Virgin Atlantic appoints American Airlines veteran as CEO

Richard Branson promoted Virgin Atlantic Airways has appointed Craig Kreeger, 53, as its new Chief Executive from February 1, succeeding Steve Ridgway, who is retiring. Kreeger joins Virgin from Dallas based American Airlines (AA), where he has held a 27-year career spanning commercial, financial and strategic roles.

Kreeger, a graduate of the University of California in San Diego (UCSD) and a MBA from UC Los Angeles, joined American Airlines in 1985 as an analyst, and was appointed Senior Vice President, Customer in 2012.

He spent six years in London as Senior Vice President, International and was responsible for American’s operations and sales throughout Europe, the Middle East, Africa and the Pacific. He has worked on American’s joint ventures with British Airways and Iberia across the Atlantic, as well as its partnership with Japanese Airlines in the Pacific.

His predecessor Steve Ridgway, has grown Virgin Atlantic, over the last 23 years, from two 747s to 40 widebody aircraft fleet, flying over six million passengers annually.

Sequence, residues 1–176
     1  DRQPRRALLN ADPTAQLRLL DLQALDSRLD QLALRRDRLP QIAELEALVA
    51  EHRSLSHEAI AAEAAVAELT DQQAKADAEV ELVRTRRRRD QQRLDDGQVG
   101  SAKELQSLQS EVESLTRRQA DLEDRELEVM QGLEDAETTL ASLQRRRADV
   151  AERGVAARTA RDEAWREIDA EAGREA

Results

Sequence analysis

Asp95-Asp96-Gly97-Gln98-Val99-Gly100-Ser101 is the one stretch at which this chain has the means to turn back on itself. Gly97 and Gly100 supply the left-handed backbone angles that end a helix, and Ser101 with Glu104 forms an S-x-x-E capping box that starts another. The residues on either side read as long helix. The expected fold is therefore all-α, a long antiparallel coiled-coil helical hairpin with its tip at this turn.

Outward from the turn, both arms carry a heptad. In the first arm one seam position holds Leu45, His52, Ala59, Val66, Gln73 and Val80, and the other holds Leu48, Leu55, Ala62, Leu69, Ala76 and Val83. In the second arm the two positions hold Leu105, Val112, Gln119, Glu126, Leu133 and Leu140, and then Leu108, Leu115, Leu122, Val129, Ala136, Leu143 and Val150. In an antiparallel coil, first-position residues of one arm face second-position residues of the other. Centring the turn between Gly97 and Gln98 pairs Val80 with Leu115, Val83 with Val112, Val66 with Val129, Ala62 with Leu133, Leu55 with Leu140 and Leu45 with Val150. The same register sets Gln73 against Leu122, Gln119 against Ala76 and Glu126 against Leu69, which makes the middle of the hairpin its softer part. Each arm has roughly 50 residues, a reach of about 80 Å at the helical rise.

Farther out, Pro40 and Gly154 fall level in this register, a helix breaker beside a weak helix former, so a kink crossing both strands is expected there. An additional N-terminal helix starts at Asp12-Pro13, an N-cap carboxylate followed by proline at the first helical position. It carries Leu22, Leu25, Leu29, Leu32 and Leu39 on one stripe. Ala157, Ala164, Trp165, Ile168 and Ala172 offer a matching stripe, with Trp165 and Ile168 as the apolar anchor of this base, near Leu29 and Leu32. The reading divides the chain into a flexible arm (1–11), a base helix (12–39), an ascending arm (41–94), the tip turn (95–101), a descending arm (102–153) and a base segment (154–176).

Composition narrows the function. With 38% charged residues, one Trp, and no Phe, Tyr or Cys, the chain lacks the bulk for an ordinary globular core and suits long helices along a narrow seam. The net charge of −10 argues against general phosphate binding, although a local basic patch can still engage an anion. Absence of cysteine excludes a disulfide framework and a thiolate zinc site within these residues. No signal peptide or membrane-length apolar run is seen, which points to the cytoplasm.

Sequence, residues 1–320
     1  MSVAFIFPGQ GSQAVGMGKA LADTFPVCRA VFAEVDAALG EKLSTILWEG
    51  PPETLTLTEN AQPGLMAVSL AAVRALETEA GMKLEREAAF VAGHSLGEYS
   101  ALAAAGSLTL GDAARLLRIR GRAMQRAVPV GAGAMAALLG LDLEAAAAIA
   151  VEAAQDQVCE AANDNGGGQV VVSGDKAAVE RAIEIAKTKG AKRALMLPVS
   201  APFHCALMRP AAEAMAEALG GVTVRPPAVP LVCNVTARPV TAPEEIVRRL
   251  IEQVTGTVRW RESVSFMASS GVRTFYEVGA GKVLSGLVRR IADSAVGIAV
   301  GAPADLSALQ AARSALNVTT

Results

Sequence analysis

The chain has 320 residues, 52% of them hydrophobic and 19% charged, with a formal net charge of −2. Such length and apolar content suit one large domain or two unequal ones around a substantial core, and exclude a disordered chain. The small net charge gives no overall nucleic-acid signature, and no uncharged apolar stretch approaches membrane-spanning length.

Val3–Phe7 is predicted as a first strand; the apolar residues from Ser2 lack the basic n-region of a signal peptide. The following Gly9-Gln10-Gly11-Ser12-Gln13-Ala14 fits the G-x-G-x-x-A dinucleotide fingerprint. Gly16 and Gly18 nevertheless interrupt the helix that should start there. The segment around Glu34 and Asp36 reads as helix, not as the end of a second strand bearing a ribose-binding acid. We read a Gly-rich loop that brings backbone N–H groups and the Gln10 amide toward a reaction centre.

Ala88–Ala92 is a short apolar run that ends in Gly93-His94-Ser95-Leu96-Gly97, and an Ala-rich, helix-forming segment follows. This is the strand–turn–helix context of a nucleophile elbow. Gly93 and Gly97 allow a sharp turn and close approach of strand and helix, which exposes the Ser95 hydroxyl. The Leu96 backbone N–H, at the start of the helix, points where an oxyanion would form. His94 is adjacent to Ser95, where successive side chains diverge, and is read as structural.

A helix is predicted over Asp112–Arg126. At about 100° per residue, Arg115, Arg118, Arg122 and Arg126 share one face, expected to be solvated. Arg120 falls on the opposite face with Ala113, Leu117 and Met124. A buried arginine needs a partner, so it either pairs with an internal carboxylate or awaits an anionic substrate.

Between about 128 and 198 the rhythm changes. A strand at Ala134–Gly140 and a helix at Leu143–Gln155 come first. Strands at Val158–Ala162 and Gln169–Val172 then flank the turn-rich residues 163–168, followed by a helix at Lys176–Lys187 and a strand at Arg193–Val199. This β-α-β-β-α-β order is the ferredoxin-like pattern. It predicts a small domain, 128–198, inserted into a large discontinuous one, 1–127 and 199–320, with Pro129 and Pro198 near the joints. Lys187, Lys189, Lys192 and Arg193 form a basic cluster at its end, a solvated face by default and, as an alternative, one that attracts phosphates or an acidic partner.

Kreeger is joining just as Delta Airlines is investing $360 million in Virgin Atlantic to acquire a 49 per cent stake earlier held by Singapore Airlines and the two airlines finalise a new trans-Atlantic joint venture. Virgin is also scrambling to create a domestic network which was vacated when financially ailing BMI was sold by Lufthansa to Virgin’s arch-rival British Airways. BMI was the main feeder of domestic UK and European routes to Virgin. Virgin needs to quickly create a domestic network, or it stands to miss out on some of the valuable slots and gates vacated by BMI.

About Devesh Agarwal

A electronics and automotive product management, marketing and branding expert, he was awarded a silver medal at the Lockheed Martin innovation competition 2010. He is ranked 6th on Mashable's list of aviation pros on Twitter and in addition to Bangalore Aviation, he has contributed to leading publications like Aviation Week, Conde Nast Traveller India, The Economic Times, and The Mint (a Wall Street Journal content partner). He remains a frequent flier and shares the good, the bad, and the ugly about the Indian aviation industry without fear or favour.

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